Mammogram Benefit Greater than Originally Thought
New data released by the American Cancer Society indicates that women who have mammograms regularly can reduce their risk of dying from breast cancer by more than 60%, suggesting that mammograms "do substantially more good than most experts had assumed up to now," the AP/Owensboro Messenger-Inquirer reports. Previous "landmark" studies performed in North America and Europe during the 1970s and 1980s have shown that mammograms reduce risk of breast cancer mortality by about 30%. But in those studies, the difference between women who had mammograms and those who did not was "diluted" because some women who were offered screenings refused to get them and others in unscreened comparison groups got mammograms on their own. The latest analysis, based on 6,807 Swedish women ages 20-69 who were diagnosed with breast cancer over a 30-year study period, examined what happened to women who did get mammograms.
Researchers compared mortality rates in three time periods, 1968-1977 (before mammograms' introduction), 1978-1987 (mammograms offered to half the women in the study) and 1988-1996 (mammograms available for all women over age 40 every two years). Researchers determined that women who comply with screening recommendations reduce their risk of dying from breast cancer by 63%, compared to the early 1970s, when mammograms were not routine. During the last study period, 85% of women got regular mammograms. Epidemiologist Robert Smith, director of cancer screening for the American Cancer Society, said, "Women should be told that if they get regular screening, they will reduce their risk of dying from breast cancer by about two-thirds." He added that although some researchers have questioned whether the reduced mortality risk is the result of catching the disease earlier or from better treatments, the study data suggest that "screening accounts for nearly all the benefit." There is no "significant increase in survival" in either breast cancer patients who are too young for mammograms or older women who refuse to get them, he said. Dr. Marilyn Leitch of the Dallas-based University of Texas Southwestern Medical Center, added, "The contribution of treatment advances is there. But I think a large part of the improvement is related to the screening benefit."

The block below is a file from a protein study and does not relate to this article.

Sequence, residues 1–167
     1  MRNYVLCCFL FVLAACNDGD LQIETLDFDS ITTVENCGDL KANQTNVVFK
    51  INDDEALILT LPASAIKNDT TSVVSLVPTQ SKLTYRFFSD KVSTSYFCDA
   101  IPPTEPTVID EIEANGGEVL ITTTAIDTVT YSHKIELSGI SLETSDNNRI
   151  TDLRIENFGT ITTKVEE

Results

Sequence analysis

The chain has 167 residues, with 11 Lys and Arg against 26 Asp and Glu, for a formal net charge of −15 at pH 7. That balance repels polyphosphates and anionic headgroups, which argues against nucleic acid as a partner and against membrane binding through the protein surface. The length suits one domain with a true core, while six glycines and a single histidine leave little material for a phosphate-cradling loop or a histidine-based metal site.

Other researchers questioned the study population, saying that examining only women who get mammograms "opens the possibility of ... selection bias" because women who get mammograms could already be healthier than women who do not. Thus, it could be their "good habits, not their mammograms, that make them live longer," the AP/Messenger-Inquirer reports. But Smith said selection bias "is unlikely to have made a big impact on the [mortality] reduction seen in the study" (Haney, AP/Owensboro Messenger-Inquirer, 4/24). Smith said that care providers should step up efforts to increase mammography rates, concentrating on those women in groups with the highest mortality rates. He added, "It is important to give women advice today based on the best possible evidence we have. What we do have is a proven technology that is not evenly applied" (Crane, Columbus Dispatch, 4/24). The results of the analysis will be published in the May 1 issue of the journal Cancer (AP/Owensboro Messenger-Inquirer, 4/24).